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June 21 — Investment banks would respond to a possible U.K. exit from the European Union by relocating operations to other countries, said Richard Schaberg, head of the U.S. Financial Institutions practice group at Hogan Lovells.
“There will be a big disruption of the activity that is currently taking place, or has historically taken place in the U.K., and it will all eventually leave and have to be housed elsewhere,” Schaberg told Bloomberg BNA in a June 21 phone interview.
Regardless of the outcome, financial institutions such as Citibank, Goldman Sachs and J.P. Morgan “will look to diversify their physical presence over time” given the “instability that clouds the U.K. market going forward,” Schaberg said. Even if the British exit—“Brexit”—vote doesn't prevail, U.K. predominance will be affected.
On the other hand, there probably would be “great benefits” for other European countries such as Ireland, France and Germany because a “leave” vote would move market activity away from London-based operations and onto non-U.K. platforms, Schaberg explained.
If the U.K. does decide to leave the EU, U.K.-based financial institutions might still be granted limited “passporting” rights, Schaberg said. This model would likely mirror that of Scandinavian countries, which are not EU members, but still have access rights.
A key part of the EU’s financial services regime, “passporting” gives member-state banks the ability to conduct business and sell services throughout the EU without having to obtain a license in each country.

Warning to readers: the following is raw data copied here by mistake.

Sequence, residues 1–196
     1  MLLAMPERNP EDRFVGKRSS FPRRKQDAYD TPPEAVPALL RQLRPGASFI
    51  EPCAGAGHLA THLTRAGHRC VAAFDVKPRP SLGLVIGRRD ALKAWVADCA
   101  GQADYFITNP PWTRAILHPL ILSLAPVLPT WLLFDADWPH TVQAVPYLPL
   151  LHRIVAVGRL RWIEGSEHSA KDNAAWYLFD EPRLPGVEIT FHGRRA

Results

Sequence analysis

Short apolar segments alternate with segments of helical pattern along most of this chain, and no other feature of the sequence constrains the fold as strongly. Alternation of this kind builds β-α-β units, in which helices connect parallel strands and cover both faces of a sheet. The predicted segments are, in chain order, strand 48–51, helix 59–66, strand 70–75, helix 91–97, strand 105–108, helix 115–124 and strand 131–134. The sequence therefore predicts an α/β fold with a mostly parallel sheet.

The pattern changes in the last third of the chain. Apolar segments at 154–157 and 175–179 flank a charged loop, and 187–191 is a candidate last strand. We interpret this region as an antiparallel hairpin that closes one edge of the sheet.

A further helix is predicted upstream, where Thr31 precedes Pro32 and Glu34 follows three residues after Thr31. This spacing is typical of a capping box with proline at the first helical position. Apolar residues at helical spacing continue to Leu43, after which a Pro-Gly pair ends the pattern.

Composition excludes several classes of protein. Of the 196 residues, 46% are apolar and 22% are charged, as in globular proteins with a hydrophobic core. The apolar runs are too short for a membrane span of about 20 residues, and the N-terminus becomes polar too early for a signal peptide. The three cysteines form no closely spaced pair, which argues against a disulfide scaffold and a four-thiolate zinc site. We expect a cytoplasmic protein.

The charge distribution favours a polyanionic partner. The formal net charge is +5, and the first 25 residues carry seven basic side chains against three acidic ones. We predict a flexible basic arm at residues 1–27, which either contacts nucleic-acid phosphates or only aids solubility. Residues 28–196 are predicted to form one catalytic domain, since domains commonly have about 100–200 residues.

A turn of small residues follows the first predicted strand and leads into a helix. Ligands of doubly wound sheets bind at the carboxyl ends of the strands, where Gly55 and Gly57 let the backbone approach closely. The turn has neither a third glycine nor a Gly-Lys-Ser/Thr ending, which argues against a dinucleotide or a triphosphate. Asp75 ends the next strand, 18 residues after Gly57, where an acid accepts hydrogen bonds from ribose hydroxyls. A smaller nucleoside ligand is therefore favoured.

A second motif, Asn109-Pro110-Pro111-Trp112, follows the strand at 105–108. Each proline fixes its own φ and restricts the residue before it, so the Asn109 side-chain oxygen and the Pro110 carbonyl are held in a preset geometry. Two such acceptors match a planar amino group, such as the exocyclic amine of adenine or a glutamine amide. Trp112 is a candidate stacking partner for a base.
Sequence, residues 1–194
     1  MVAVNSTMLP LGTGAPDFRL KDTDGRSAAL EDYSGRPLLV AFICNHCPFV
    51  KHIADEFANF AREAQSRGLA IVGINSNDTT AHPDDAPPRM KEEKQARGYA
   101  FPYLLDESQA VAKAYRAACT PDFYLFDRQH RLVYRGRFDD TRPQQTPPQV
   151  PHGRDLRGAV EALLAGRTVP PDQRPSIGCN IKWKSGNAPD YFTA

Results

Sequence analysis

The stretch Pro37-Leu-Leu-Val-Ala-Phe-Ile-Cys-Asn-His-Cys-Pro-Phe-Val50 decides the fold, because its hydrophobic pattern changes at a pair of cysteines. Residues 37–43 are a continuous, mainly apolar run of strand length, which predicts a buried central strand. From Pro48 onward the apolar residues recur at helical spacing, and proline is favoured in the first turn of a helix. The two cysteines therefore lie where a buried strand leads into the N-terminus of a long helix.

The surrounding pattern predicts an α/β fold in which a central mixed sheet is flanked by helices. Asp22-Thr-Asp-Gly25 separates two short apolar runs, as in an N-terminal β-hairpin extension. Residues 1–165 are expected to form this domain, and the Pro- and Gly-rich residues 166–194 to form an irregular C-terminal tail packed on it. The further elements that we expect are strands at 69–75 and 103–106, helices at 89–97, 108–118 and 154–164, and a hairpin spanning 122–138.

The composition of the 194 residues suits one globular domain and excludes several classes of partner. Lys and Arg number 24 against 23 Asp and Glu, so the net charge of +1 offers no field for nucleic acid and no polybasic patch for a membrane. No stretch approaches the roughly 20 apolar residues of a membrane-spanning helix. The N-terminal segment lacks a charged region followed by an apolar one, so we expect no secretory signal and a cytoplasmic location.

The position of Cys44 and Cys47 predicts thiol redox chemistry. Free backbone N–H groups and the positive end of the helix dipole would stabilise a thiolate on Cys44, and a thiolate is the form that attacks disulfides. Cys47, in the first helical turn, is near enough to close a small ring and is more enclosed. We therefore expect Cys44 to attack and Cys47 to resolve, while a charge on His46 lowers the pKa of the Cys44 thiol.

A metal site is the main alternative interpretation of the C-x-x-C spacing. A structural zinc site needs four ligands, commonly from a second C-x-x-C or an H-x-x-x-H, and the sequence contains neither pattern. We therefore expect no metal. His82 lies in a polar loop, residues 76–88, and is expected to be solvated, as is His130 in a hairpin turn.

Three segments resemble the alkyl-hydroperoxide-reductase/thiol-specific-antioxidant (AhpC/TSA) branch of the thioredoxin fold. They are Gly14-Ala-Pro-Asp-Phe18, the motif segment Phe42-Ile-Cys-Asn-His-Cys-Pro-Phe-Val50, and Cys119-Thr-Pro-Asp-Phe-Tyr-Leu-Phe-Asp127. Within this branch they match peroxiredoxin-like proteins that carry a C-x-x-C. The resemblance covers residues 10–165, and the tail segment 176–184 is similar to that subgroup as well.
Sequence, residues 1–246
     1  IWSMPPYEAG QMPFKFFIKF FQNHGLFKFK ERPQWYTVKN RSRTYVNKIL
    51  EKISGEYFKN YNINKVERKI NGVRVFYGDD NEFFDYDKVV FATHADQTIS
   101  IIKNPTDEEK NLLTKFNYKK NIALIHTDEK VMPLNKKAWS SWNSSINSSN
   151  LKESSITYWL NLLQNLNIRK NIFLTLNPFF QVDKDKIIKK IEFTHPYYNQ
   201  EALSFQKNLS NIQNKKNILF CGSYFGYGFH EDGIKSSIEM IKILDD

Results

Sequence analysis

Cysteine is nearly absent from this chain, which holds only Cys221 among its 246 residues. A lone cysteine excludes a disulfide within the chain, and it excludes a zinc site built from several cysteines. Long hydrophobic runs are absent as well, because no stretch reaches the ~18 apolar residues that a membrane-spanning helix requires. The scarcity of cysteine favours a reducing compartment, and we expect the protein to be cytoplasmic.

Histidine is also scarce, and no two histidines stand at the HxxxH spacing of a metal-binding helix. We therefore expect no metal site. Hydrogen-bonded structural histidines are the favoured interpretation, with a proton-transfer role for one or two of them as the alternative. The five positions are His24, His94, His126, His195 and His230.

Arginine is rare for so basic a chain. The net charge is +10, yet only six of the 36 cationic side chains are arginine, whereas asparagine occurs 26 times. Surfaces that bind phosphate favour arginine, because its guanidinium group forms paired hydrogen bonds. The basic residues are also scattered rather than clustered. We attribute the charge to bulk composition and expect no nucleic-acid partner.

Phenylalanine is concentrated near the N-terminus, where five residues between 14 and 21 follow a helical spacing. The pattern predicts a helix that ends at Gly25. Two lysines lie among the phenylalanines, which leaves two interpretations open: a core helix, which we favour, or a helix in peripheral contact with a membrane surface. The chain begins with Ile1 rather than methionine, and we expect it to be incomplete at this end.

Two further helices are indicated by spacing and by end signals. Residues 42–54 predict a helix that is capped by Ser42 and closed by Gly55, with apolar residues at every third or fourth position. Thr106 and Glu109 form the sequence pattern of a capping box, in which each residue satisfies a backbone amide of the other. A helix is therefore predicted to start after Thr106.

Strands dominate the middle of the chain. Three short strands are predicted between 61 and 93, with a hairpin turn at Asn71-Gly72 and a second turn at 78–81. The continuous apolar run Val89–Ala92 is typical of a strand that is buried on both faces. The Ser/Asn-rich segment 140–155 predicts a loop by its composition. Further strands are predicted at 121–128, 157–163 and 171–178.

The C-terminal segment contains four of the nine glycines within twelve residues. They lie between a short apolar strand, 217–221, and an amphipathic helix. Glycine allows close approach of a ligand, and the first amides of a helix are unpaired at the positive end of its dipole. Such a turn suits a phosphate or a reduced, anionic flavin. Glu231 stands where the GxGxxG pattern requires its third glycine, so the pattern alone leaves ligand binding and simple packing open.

If this happens, “the financial services industry can try to salvage a reason to be in London because it would still have some sort of—albeit limited—continued access into the EU regime,” Schaberg said. However, he said his sense from talking with people in the U.K. is that they believe this to be an unlikely outcome.
If the U.K. leaves, he said, it seems unrealistic to expect the EU to be receptive to maintaining a relationship with the U.K. and making the move advantageous so that the U.K.'s financial industry remains viable.
Another major outcome of the vote could be increased momentum towards a common securities platform within the EU. While there are some commonalities in EU countries' regulations, the EU has been trying to establish a single market since the 1960s.
A disruption in the London market might boost support for uniform securities regulation across the EU, Schaberg said.
However, “the caveat to that is, the uniform securities platform was intended to include the UK,” so a vote to leave the EU would create mixed results, Schaberg said. “On the one hand, it may create a little more of a groundswell for pushing a common securities union forward, but on the other hand, the value of that without the UK is diminished,” he said.
If Brexit passes, big banking institutions will be immediately impacted due to the loss of passporting capabilities through London to the EU markets.
However, global industries such as life sciences and pharmaceutical companies—which have seen substantial M&A activity recently—will also be complicated by a decision to leave the EU, Schaberg said. Brexit will probably halt some of that activity, he said.
In addition, London's financial technology market may also see some collateral damage. “London has really taken a premier position in being a promoter of fintech development,” Schaberg said. “To the extent that London is no longer a gateway to the EU, perhaps there might be less allure for London as a starting point for fintech development,” he said.
The Brexit vote is set for June 23.
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